Danville Express

Newsfront - August 17, 2007

Kids help kids by providing backpacks

Back-to-school time wraps up project for Danville girls

by Natalie O'Neill

Showing up with no backpack or pencils on the first day of class can get an underprivileged grade-schooler off on the wrong foot.

That's why Madison and Mackinsey Mascali, who are 10 and 7 years old, started Packs With Love, a volunteer organization created for kids by kids. Its purpose is to get school supplies to homeless or needy students in time for the first day of class.

"We wanted them to feel 'normal' on the first day," Madison said. "We thought they might get teased for not having a backpack."

Packs With Love, a name the Danville sisters came up with themselves, will donate more than 240 backpacks to elementary students in the Richmond public school district this week.

The girls spent much of their summer collecting used backpacks and cleaning them and earlier this week filled them with notebooks, paints, colored pencils and more.

A few months ago they started spreading the word that used backpacks and supplies were needed, using mass e-mailing and even giving a presentation over the sound system at Golden View Elementary School, urging other kids to help out.

"It really caught on," said their mother Carol Mascali.

Carol, who used to take the girls to help serve food at a homeless shelter in San Jose, gives her daughters total credit for the idea. In the spring the girls said they wanted to volunteer closer to home and Carol said it was up to them to come up with a project.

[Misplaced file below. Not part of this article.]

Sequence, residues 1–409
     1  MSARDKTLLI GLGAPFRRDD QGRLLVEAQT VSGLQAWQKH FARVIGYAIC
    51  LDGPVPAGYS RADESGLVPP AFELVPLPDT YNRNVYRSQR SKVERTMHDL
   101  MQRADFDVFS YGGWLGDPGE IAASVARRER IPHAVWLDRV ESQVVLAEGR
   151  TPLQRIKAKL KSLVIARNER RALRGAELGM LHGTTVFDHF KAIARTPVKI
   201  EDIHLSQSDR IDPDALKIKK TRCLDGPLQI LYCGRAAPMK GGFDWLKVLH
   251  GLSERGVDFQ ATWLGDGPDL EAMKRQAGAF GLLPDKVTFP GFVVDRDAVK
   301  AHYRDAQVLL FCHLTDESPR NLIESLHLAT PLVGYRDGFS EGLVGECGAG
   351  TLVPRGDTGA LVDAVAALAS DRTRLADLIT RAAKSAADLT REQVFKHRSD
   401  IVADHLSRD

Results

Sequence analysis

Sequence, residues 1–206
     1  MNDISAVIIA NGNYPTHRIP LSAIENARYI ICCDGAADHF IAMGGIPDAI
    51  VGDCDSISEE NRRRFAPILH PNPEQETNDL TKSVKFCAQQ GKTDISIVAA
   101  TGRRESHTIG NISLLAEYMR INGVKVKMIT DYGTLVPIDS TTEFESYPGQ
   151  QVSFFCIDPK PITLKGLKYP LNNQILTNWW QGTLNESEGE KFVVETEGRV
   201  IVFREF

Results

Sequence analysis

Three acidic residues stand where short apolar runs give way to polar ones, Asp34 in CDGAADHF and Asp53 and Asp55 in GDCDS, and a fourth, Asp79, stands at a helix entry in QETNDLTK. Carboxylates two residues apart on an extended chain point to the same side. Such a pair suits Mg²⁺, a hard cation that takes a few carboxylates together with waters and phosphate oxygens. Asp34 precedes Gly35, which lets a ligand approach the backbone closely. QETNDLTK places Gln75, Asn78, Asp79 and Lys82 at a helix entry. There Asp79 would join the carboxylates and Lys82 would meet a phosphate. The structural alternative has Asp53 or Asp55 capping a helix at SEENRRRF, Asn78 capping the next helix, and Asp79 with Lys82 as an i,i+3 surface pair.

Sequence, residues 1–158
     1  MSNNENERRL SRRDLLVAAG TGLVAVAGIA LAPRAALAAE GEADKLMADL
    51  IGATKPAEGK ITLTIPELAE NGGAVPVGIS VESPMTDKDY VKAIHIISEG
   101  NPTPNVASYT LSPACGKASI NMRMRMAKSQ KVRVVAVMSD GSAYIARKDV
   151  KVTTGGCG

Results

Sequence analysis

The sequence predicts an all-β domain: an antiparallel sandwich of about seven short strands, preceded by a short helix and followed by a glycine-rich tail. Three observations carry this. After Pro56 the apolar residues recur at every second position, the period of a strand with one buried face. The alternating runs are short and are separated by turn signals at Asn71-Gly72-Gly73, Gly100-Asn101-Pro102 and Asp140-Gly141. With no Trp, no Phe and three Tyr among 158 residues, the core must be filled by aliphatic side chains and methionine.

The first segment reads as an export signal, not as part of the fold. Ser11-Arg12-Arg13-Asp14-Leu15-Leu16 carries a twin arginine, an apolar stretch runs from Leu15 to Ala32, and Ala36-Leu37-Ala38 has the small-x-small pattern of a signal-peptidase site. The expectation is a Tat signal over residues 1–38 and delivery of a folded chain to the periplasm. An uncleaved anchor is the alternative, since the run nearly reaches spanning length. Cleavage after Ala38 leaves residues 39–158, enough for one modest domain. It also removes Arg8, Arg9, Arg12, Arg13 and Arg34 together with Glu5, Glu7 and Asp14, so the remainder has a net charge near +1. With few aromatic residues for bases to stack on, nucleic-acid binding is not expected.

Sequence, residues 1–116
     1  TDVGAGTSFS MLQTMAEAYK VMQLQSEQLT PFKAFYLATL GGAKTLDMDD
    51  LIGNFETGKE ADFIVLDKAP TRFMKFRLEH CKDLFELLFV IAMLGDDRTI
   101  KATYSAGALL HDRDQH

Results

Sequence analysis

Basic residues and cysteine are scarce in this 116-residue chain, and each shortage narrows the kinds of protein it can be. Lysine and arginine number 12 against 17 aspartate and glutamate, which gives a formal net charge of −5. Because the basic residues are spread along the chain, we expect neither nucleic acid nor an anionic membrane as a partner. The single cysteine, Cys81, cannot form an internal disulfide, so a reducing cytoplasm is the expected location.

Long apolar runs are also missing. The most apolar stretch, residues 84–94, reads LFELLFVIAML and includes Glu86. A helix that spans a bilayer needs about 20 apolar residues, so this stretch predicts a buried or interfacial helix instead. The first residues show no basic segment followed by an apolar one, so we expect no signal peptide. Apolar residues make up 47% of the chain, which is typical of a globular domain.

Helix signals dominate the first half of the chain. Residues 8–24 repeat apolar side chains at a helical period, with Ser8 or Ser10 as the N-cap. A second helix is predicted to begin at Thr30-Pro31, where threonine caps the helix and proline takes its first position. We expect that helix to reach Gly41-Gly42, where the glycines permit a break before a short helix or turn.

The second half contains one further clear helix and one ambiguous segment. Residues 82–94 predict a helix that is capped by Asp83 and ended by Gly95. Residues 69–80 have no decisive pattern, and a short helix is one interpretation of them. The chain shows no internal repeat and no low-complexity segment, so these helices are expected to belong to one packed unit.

"I said, 'Sure - but you have to figure it out,'" she said.

Left to their own devices, Madison and Mackinsey decided they wanted to help other children.

"At the homeless shelter, all the kids looked really sad," Mackinsey said.

So they talked to a Richmond outreach coordinator to find out how they could aid less fortunate students.

The outreach coordinator gave them a list of what they needed and their hunt for donations began. It was Carol's job to cart them around town from "one porch to another," collecting packs they would later clean and fill with supplies. They tossed backpacks that were too worn out or had kid's names on them and hung onto the ones that were still in good shape.

"Some of them looked like they were in the attic 20 years," Mackinsey said.

"Cleaning the packs was probably the hardest part," Madison agreed.

Initially, working at the shelter helped the girls understand that not everybody lives the way they do and that people struggle, Carol said.

"It's wonderful for them - seeing beyond their own back yard," she said.

Madison echoed a similar sentiment.

"We live in a privileged area," she said.

With this year's project already a success, the creators of Packs With Love are thinking about more projects. Gathering warm clothes for next year's back-to-school project will be their next mission, Madison said.

"Kids dream big," Carol said.

To donate supplies, backpacks or funds for this year contact the Mascali family at packswithlove@yahoo.com by the end of the week. To contribute lightly worn clothes and school supplies to next year's project, use the same contact.


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